One of the main methods of communication that dogs use amongst themselves is eye contact. You can also use this to help communicate with your dog. Establish that you should command his attention by praising him when you notice him looking at you.

You can also effectively communicate your feelings to him and toward him by either looking at him lovingly to show him your affection or glaring at him to let him know that you are angry when he has misbehaved.

Your dog will pick up on these looks very quickly and will learn to always be looking to you for cues on what you want from him.

Commands

Teaching your dog to respond quickly to commands is very important. Dogs do not know how to listen without being trained to do so, so talking to your dog regularly will help teach him to listen.

Once he knows basic commands, use them regularly, rewarding him with praise and even treats when he is obedient and scolding him or taking something he values away, like a toy or a treat when he ignores you.

A very important command for your dog to know and respond to is the command to drop things. You can begin teaching obedience to this command by offering a treat in exchange for a toy that he has in his mouth.

Give your chosen command while offering the treat and your puppy will very quickly learn to drop it. Expanding on this command to include the dropping of food can prove to be very useful.

It not only strongly expresses your dominance as Alpha but it could potentially save your dog’s life should he choose to pick up something poisonous or dangerous.

Handling

blue heelerWhether or not, but especially if, you intend to have your dog around children, it is very important that they respond appropriately to handling all over their body.

This training is best started from a very young age.

The Alpha of a pack retains the privilege of handling his underlings in whatever way he sees fit.

Pet your puppy all over his body, scolding him if he protests and praising him when he reacts positively or even if he just ignores you.

Be very lavish with your praises and the handing out of treats to teach him that petting is a pleasant thing. Start with very short handling times and reward with a treat quickly after to avoid giving him time to respond negatively.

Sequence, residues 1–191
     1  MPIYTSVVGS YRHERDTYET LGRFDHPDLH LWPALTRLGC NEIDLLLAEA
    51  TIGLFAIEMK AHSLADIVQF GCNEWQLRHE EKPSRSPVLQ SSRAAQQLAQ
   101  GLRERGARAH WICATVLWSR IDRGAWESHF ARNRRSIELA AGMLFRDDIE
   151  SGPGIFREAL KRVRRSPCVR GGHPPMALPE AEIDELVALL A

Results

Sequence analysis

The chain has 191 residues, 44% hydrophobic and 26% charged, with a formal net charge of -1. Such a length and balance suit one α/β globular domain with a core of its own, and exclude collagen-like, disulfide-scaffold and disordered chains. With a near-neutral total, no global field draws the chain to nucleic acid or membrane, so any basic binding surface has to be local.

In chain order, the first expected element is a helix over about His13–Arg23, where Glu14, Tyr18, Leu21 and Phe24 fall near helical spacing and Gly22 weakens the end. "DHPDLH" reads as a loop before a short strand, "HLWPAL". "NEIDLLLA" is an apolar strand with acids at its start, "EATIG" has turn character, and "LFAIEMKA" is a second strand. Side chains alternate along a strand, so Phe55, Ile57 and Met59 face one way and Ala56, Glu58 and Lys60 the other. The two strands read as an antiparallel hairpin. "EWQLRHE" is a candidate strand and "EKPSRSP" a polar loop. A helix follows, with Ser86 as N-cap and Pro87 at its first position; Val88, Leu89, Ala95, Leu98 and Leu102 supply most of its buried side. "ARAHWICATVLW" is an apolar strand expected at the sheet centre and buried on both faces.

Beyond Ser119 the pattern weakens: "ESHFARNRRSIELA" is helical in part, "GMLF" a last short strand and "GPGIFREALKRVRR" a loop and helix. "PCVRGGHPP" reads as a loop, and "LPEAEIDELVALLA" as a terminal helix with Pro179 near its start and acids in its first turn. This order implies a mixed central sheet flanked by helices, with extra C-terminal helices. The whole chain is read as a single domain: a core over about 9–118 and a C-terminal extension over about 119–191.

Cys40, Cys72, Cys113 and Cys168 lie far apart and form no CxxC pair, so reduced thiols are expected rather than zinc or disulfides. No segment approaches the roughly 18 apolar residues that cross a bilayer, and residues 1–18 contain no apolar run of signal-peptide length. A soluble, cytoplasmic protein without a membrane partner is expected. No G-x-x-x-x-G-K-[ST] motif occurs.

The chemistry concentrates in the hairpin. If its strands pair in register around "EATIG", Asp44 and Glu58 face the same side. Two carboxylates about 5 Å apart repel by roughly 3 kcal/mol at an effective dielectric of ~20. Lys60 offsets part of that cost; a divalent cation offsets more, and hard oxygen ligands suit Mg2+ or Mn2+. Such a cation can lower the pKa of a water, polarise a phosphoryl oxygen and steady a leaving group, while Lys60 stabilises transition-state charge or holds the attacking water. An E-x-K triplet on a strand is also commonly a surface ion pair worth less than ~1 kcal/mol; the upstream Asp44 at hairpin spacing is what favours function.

Also, while petting your dog with one hand in a way that he already enjoys or is used to, use your other hand to handle a new or more sensitive spot such as the paws or stomach.

Your pup will soon catch on that handling is fun and enjoyable.

This will not only make your dog safer around young children but others, like your veterinarian, will be very grateful for your efforts.

Biting/ Nipping and Punishing Tips for Your Blue Heeler

When broaching the topic of proper punishment for misbehavior in your Heeler, it is important to take into account their dispositions and natural tendencies that result from their breeding.

Heelers were bred specifically for hard, physical labor and as a result, they have very high pain tolerance levels. When herding cattle, this is ideal, but it can prove to be a difficulty during your training.

In order to truly upset your Blue Heeler with the physical punishment you would border on, if not completely end up causing him physical harm. Not only can this break a dog’s spirit but it can lead your dog to respond aggressively.

For this reason, when punishing your Blue Heeler it is best and most effective to employ emotional blackmail.

For example, remove them to a contained spot behind a gate where they can see and hear you, but where they are not able to participate in whatever fun or frolic is happening around you.

For the times when it is necessary to take on much harsher punishment, methods that are based in dog communication are the most effective. Giving them a good shake by the scruff of their neck while you scold or lifting them momentarily off of their front feet while you make eye contact and tell them off are very effective moves.

You can also employ the Alpha roll, where you turn them over onto their back and hold them down with your hands on their stomachs while you scold them.

None of these should take more than a few seconds and serve to get your dog’s fullest attention and provoke an emotional response. Once the corrective action is over, forget about the incident and move on without an attitude of holding a grudge.